A Reflection on White Rage
We began this morning with the dream. And yet we hardly need reminding, that the ideal which we seek lies in stark contrast to the reality in which we live. Have we made progress in this country in terms of race? Yes, but it has not been straight forward. Every inch of progress has been met with a countervailing counterforce.
The end of the civil war and the eradication of slavery was met with the Black Codes in Mississippi and nine other former confederate states, new laws “that undercut any chance or hope for civil rights, economic independence, or even the reestablishment of families that had been ripped apart by slavery.” (Anderson, 19) Then in response to the Reconstruction came the Jim Crow Laws. The progress of the Civil rights era was met by Nixon’s war on drugs and what Michelle Alexander has dubbed the New Jim Crow.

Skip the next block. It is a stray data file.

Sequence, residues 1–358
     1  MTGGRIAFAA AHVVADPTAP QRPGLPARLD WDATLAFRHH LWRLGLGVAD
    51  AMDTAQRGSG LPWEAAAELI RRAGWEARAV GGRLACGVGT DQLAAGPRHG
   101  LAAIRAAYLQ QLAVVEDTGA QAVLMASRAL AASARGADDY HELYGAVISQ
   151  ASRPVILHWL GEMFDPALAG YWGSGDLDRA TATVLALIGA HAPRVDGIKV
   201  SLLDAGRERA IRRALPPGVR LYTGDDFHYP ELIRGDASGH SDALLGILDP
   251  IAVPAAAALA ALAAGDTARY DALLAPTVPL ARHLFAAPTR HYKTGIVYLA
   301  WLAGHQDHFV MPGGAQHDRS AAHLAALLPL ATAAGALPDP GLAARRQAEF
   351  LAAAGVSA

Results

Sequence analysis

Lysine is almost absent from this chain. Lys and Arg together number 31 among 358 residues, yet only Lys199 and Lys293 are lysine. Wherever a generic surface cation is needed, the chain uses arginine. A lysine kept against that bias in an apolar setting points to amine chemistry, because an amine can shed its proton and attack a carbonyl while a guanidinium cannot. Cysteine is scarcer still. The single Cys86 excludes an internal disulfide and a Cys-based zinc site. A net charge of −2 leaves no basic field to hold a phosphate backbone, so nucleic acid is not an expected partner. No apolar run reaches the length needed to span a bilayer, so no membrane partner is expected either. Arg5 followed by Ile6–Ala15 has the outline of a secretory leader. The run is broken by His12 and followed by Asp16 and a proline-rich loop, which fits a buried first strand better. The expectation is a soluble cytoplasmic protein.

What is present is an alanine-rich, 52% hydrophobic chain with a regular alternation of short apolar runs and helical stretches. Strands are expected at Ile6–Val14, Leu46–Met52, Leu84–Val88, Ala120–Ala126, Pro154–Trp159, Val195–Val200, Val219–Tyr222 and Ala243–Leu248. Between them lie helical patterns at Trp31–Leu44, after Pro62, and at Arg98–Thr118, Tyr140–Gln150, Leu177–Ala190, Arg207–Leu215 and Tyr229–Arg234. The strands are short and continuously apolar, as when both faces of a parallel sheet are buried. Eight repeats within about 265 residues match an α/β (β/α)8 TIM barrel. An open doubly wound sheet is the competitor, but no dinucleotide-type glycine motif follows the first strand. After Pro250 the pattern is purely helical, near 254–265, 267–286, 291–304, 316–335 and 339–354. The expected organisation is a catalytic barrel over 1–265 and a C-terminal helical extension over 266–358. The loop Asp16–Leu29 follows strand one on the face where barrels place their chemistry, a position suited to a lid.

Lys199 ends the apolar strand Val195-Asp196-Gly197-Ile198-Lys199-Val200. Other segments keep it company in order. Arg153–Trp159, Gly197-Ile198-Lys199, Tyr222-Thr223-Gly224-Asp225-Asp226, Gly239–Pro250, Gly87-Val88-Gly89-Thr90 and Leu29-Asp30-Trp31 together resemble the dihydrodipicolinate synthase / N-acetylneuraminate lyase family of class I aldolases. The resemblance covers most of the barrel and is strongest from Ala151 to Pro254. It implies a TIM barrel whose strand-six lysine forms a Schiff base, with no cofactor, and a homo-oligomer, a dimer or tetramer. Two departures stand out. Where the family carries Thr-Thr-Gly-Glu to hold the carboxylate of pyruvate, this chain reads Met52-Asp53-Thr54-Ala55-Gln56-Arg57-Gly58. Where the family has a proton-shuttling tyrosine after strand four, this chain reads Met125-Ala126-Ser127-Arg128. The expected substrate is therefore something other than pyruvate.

And then, in 2016, after eight years of an African American presidency, a new election – fraught with examples of voter suppression – resulted in the election of the most blatantly racist administration in modern history.
This two-steps-forward, and some-number-of-steps-back pattern in American history is the result of what Carol Anderson calls “white rage.” Anderson is a professor of African American studies at Emory University, and the author of White Rage: The Unspoken Truth of Our Racial Divide. She describes “white rage” this way. She says:
“White rage is not about visible violence, but rather it works its way through the courts, the legislatures, and a range of government bureaucracies…It’s not the Klan. White rage doesn’t have to wear sheets, burn crosses, or take to the streets. Working the halls of power, it can achieve its ends far more effectively, far more destructively.”